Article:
[FoRK] Durable, cheap housing

Stephen Williams sdw at lig.net
Sat Sep 19 23:11:54 PDT 2009


We've talked about this before.  Some points:

These could be a great basis for hurricane-proof housing.
Whatever official ordered those toxic, substandard, ridiculous housing 
units for Katrina victims missed a great opportunity to spec emergency 
housing built from quickly converted shipping containers.  (Making kits 
for that seems like a good business.   Perhaps a kit that could be used 
either for a lightweight plywood house or to convert a shipping 
container with the right holes.)

http://www.cnn.com/2009/TECH/06/12/recycled.homes/index.html
Recycled homes, one box at a time

 CHARLESTON, South Carolina (CNN) -- Magoline Hazelton is used to people 
driving by her home just to take a look. She's also known as the "house 
lady" by her fellow residents in North Charleston, South Carolina.
Four shipping containers were used to make this 1,280 square foot house 
in North Charleston, South Carolina.

Four shipping containers were used to make this 1,280 square foot house 
in North Charleston, South Carolina.
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 From the outside, Hazelton's home doesn't seem much different from the 
rest of the neighborhood. But there's one big difference. Her house is 
made from cargo shipping containers.

Using containers to build homes has increasingly become a trend in the 
past several years because it can be cheaper and faster than using 
traditional construction methods. There are also plenty of containers at 
most major ports.

About 18 million containers are used worldwide to transport a variety of 
everyday products, such as cars, toys and food. Because the United 
States imports more than it exports, many containers end up stacked at 
ports. Photo See one of the homes being built »

SG Blocks, a company whose name stands for safe and green blocks, has 
made a business from the container overflow.
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Co-founder David Cross previously worked as a merchant marine and spent 
a lot of time at sea, dealing with shipping containers.

"As you're looking down the deck of the vessel, you see hundreds to 
thousands of containers perfectly configured," Cross said. "They were 
stacked nine high below deck, five or six high on deck, and I just kept 
seeing hotel after hotel on the deck of our ship." Video Watch how 
residents like living in the homes »

Cross also saw value in the strength of the material.

"The containers are designed for hostile dynamic life at sea ... capable 
of carrying 60,000 pounds. It just made imminent sense, that with minor 
modification, it could become a multi-family living system."

In 2003, Cross partnered with engineer Steve Armstrong to help bring the 
idea to fruition. A year later, Hazelton's house was built in South 
Carolina.

According to Cross, modifying containers into homes uses significantly 
less energy than melting them down.

"These containers weigh about 9,000 pounds, and it takes about 9,000 
kilowatt hours of energy to melt down 9,000 pounds of steel," Cross 
said. "We modify that existing piece of steel with approximately 400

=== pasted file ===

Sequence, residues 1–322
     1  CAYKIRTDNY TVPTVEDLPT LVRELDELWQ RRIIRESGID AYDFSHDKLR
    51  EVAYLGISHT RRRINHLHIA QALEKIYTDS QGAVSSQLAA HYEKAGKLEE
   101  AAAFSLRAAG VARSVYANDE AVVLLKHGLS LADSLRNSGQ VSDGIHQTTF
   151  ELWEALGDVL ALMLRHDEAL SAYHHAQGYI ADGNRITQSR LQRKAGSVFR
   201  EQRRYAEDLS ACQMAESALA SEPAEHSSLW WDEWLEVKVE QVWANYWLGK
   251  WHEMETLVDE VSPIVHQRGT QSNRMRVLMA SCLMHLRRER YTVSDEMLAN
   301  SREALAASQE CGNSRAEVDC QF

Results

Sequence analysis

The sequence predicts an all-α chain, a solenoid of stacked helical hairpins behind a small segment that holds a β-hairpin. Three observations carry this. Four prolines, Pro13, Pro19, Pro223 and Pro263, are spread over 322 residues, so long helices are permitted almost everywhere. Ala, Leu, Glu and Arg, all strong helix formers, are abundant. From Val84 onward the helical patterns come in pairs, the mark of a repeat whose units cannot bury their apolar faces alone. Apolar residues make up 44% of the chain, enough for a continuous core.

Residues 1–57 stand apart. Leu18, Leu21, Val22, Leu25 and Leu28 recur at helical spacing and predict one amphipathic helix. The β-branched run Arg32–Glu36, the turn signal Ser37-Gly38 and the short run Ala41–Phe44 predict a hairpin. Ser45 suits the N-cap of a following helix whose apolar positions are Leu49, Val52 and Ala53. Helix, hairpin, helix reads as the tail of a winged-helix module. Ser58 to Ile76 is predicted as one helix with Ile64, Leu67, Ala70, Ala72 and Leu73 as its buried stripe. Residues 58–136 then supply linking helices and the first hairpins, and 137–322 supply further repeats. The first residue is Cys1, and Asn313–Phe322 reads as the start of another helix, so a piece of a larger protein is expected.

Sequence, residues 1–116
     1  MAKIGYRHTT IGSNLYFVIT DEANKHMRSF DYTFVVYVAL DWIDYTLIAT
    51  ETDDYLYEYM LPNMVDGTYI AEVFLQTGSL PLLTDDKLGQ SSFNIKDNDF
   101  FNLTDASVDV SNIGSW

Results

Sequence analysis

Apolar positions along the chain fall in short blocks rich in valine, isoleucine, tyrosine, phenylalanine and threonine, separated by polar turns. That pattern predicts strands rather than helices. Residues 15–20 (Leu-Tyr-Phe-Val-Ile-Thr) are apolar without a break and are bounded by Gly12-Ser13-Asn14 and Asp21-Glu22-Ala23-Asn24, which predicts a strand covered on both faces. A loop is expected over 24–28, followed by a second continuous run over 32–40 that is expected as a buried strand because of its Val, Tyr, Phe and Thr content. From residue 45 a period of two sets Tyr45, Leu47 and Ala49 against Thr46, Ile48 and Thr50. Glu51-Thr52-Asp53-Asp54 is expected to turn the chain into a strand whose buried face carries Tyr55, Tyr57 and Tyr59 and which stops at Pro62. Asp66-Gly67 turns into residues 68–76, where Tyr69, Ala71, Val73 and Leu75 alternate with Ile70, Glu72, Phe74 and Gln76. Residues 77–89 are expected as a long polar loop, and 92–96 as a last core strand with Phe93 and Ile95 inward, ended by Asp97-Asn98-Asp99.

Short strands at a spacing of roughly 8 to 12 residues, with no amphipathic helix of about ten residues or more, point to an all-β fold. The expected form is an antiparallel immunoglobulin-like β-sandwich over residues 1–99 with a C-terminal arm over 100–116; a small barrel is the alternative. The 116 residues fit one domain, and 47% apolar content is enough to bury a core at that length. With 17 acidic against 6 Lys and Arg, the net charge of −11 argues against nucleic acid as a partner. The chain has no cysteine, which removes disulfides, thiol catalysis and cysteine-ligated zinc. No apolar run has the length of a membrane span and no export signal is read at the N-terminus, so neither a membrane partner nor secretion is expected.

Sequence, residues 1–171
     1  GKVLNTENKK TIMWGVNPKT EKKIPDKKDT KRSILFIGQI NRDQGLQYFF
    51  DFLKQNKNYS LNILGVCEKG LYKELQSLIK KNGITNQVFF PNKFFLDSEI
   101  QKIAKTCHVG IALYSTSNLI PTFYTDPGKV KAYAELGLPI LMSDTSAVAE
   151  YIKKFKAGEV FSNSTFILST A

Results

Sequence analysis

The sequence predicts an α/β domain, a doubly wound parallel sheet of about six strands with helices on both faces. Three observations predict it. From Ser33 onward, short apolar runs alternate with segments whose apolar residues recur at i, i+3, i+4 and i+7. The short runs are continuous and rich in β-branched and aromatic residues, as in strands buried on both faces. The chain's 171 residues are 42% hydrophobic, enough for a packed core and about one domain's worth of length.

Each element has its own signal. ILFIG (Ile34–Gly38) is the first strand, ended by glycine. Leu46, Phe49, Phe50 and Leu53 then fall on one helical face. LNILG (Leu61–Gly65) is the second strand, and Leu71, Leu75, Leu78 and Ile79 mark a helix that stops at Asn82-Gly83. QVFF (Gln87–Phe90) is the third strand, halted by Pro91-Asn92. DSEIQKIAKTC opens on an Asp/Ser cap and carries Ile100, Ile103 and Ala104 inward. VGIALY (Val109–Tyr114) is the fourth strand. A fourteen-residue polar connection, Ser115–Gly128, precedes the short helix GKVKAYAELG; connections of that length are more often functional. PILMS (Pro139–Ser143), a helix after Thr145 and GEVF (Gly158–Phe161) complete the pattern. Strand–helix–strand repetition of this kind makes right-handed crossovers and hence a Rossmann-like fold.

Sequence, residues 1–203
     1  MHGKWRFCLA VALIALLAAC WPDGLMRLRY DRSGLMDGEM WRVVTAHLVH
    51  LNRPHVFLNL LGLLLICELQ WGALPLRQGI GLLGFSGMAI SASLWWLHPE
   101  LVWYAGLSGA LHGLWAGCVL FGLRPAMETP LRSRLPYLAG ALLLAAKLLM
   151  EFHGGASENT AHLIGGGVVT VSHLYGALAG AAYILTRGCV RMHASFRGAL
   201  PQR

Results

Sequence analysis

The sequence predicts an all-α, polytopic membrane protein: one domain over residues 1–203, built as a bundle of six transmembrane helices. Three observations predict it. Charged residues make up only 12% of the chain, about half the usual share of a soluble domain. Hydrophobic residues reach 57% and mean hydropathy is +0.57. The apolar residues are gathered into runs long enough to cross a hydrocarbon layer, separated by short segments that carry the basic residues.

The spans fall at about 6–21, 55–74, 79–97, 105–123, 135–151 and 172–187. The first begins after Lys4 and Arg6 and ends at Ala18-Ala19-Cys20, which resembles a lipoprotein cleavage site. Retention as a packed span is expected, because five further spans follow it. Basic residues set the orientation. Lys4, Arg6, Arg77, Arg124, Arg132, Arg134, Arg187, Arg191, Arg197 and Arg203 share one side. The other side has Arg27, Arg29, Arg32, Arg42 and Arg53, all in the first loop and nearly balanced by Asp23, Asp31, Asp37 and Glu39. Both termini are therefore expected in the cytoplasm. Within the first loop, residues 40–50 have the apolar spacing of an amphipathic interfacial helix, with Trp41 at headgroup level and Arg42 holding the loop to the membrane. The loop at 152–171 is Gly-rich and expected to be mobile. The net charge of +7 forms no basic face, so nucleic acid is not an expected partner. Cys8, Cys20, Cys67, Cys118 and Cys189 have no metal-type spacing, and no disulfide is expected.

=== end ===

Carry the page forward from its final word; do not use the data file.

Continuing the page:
kilowatt hours of energy input. [That's a] 95 percent energy footprint 
reduction."

The energy saved by transforming a single container into a home, rather 
than melting it down, can power a standard 70-watt lightbulb for up to 
15 years.

The time it takes to assemble a container home can vary, according to 
Cross. Hazelton's home took 10 weeks to build. Generally, SG Blocks has 
found that recycled homes cut construction time in half.

"Typical homes can take four to eight months [to build]," Cross said. 
"For container homes, it's usually two to four months."

According to Armstrong, who is president of SG Blocks, the cost of 
building a single family container home is comparable to a traditional home.

"But you get a steel home instead of a wood home," he said. "So, it's 
more durable and has a lower carbon footprint. It's also water resistant 
and termite resistant."

The construction becomes cheaper as you get into multi-family homes. 
According to Armstrong, multi-family mid-rise units cost 10 to 15 
percent less than typical "stick frame" homes.

"That's a lot to do with speed and ease of construction," he said.

Companies around the world are using shipping containers as building 
materials to create offices, army barracks, dorms and even designer homes.

"[We] can make these look like anything you want. [We] can put a pretty 
dress on any skeleton," Armstrong said. "So, if you want it 
minimalistic, so you can see the container walls, we can do that. If you 
want stucco or brick or siding, [we] can do that as well."

While each container has its own roof, when multiple containers are put 
together side by side, there are gaps between the boxes. Therefore, a 
traditional roof is put on top of the entire home, providing additional 
safety in inclement weather.

"When the boxes are joined together, the gaps are sealed, so even if you 
lose your roof above, you'd have some protection," said Armstrong.

The second roof also provides another benefit. Hazelton finds she can't 
even hear the rain hitting her home when it's pouring outside.
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Her house has been almost maintenance free since she moved in.

"The only thing I've done here is exchanged the hot water heater. 
Nothing else I've had to do in the last five years ... so far, it's 
pretty good."

Stephen





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